There are 13 quarterbacks in NFL history to throw for 45,000 yards. In Eli Manning, Rivers and Palmer, the Eagles are facing three of them in a 15-day span.

"We just tell him, 'Man, keep your head up,'" Rodney McLeod said. "In this league as a cornerback, you're going to get scored on. It's going to happen. Every game isn't going to be perfect. It's how you bounce back, and it's how you respond. And I think [Douglas'] mentality is always great. 

"He didn't get down on himself. Not one bit. Line back up, challenge those guys. It's one game he's going to learn off, but I'm so proud of everything he did. He hung in there the entire game, and he's only going to continue to get better."

With second-round pick Sidney Jones out for perhaps the season with an Achilles injury from his pro day and Darby out since the opener, the Eagles are thin at cornerback. Safeties Jaylen Watkins and Corey Graham are also out, and McLeod missed the Giants game.

So it's not surprising that the Eagles are giving up a ton of passing yards.

Four weeks in, they rank 31st in the NFL in net passing yards allowed (285 per game), 23rd in TD passes allowed (7), 24th in opposing passing accuracy (66.0 percent) and tied for sixth in passing first downs allowed (51).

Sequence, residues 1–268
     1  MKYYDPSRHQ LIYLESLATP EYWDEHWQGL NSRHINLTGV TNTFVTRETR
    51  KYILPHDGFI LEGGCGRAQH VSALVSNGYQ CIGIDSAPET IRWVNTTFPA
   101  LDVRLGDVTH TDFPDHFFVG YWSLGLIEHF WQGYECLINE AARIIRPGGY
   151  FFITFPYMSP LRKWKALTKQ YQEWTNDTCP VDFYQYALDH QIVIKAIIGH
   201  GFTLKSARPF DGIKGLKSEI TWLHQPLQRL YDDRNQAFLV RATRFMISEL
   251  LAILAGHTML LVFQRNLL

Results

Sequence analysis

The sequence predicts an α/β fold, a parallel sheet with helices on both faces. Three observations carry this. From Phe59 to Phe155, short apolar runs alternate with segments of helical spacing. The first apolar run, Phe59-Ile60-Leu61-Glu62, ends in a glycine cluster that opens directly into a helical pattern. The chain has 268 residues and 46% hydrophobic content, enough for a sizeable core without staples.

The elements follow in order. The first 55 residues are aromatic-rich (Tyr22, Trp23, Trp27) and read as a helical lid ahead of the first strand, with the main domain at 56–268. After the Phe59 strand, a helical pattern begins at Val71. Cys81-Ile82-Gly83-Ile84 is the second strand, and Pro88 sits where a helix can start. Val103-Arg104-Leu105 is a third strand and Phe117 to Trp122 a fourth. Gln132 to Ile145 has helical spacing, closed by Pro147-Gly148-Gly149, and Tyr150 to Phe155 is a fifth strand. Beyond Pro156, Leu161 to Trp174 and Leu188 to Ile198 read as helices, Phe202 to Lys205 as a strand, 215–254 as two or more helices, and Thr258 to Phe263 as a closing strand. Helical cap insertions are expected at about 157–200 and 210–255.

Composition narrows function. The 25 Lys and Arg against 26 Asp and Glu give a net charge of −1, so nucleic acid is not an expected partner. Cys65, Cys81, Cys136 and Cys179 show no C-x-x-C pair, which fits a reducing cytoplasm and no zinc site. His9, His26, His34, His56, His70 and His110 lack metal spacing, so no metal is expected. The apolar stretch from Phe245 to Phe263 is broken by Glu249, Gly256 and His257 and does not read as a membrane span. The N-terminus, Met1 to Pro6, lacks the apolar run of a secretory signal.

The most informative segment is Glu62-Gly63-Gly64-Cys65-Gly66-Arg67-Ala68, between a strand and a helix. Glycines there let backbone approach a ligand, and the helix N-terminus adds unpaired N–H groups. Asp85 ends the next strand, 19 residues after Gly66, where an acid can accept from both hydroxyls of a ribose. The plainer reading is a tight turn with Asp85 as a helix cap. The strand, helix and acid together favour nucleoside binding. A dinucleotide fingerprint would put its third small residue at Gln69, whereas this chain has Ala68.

It's not all on Douglas, but Sunday was definitely a rough one for the 22-year-old from East Orange.

“He’s a competitor," defensive coordinator Jim Schwartz said. "He’s a lot like Jalen (Mills) in that way. They’re young guys, they’re competitive. You need to have a short memory to play corner. …

"We have to play more consistently at the corner position. It’s not just about a singular flash play, it’s about consistency over the course of the game, and those guys are still working their way through that.”

Meetings and film study won't be particularly pleasant for Douglas this week, but he said he couldn't wait to get started.

"I'm going to critique myself the hardest," he said. "I want to be the best. I'll critique myself, and my teammates will let me know what I could have done to put myself in better situations to make a play."

Why Eagles' play in trenches are behind 8-game win streak

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Why Eagles' play in trenches are behind 8-game win streak

The strength of the Eagles is built on fundamental, sound pay on both sides of the line of scrimmage. Yes, the play of Carson Wentz is the biggest reason the Birds are 9-1, but the play of the defensive line and offensive line are also major factors.

There was no question coming into the season that the DL would pull its weight. I doubt if knowledgeable football minds could argue against the D-line being ranked the No. 1 unit in the NFL.

Eagles defensive coordinator Jim Schwartz centered his defense around the play of his D-line's ability to generate constant pressure on opposing offenses, whether that's in the run game — the Eagles are the NFL's best run defense — or creating havoc on quarterbacks in the pocket. The defensive line has allowed the young secondary to catch up and perform well above expectations, and then Ronald Darby returned Sunday in Dallas (see story).